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Mexico – Employer of Record

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Country Introduction – Mexico

Capital –  Mexico City
Currency –  Mexican Nuevo Peso (MXN)
GDP –  $ 2.47 Trillion (estimated for 2022)
People/Nationality- Mexican
Language – Spanish
Major Religion – Roman Catholic
Population – estimated 127,500 Million as of January 2023

Mexico, officially known as the United Mexican States, is a federal constitutional republic in North America. It is bordered on the north by the United States of America; on the south and west by the Pacific Ocean; on the southeast by Guatemala, Belize, and the Caribbean Sea; and on the east by the Gulf of Mexico.

Mexico sets an open economy that guarantees access to international businesses, trade and markets through a network of free trade agreements (FTAs). This country takes pride on its strategic geographical positioning and competitive costs to service global markets, as well as a highly skilled and competent workforce.

Mexico is one of the most competitive countries in the world having big industries of Automotive, Tobacco, Aerospace, Petroleum, Electronics, Mining and IT. It is widely known for its productive investment due to macroeconomic stability, strong and wide domestic market, low inflation, good economic growth rate and capacity to produce high-technology innovation.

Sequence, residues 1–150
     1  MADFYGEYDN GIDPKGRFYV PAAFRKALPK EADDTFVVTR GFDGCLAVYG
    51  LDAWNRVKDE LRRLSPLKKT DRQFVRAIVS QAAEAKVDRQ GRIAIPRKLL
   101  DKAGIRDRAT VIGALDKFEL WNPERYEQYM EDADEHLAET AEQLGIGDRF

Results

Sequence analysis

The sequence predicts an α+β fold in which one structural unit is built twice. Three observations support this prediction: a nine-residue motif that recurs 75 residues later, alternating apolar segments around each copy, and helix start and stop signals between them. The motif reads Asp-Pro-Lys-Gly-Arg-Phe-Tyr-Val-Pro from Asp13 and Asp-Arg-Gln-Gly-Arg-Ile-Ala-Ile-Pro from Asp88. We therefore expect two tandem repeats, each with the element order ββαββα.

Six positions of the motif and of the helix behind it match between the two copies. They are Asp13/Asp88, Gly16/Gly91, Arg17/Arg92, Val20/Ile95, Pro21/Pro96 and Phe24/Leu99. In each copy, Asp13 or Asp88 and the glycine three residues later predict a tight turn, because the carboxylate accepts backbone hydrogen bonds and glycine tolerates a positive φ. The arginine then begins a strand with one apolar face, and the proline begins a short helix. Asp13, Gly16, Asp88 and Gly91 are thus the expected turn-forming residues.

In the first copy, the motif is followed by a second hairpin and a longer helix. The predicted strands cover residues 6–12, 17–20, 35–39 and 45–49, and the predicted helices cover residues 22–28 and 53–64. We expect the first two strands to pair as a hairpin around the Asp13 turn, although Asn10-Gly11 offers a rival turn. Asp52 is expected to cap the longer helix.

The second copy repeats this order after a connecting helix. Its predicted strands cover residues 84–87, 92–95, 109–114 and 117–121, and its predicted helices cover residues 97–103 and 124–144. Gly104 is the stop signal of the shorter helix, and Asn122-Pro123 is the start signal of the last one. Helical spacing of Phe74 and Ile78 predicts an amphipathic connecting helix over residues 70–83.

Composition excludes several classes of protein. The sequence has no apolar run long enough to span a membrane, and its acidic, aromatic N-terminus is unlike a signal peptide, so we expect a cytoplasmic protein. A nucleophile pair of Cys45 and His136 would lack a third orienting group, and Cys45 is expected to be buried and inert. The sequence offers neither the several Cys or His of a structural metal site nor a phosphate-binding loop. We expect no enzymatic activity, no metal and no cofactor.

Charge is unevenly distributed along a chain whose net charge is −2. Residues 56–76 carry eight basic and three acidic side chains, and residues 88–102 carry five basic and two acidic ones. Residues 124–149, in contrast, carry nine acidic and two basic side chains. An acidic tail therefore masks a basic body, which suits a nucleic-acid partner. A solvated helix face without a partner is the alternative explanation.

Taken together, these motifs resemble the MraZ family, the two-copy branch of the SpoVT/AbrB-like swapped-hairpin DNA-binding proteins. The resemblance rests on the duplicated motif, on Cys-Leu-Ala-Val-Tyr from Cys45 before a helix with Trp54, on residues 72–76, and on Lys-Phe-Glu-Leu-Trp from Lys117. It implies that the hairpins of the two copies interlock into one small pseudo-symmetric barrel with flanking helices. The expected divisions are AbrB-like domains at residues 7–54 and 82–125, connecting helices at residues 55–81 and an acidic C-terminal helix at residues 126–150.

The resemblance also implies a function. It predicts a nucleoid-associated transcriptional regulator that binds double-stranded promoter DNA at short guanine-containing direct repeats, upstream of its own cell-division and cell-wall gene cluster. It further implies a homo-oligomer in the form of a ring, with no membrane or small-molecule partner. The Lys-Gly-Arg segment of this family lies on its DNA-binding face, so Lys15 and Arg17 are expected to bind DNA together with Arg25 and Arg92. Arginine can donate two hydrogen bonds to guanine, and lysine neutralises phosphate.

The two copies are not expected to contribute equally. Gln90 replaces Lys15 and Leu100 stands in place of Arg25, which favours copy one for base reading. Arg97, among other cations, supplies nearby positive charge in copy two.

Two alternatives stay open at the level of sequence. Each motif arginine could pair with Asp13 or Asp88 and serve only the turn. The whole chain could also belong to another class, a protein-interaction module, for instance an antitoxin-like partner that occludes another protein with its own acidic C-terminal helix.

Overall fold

Culture taken into business perspective, Mexicans prefer to negotiate in a social environment and usually opt for business lunches or dinners over a formal boardroom meetings. They believe that setting a strong foot forward in building relationships also help build strong business partnerships.

Contract of Employment

Companies globally expanding and hiring employees in Mexico must comply with extensive tax, employment, and social insurance regulations. Failure to comply risks fines and sanctions. The employer-employee relationship is governed by the Mexican Federal Labour Law and other laws and statutes. In drawing up their agreement, the parties cannot ‘contract out’ and must adhere to mandatory requirements of the law.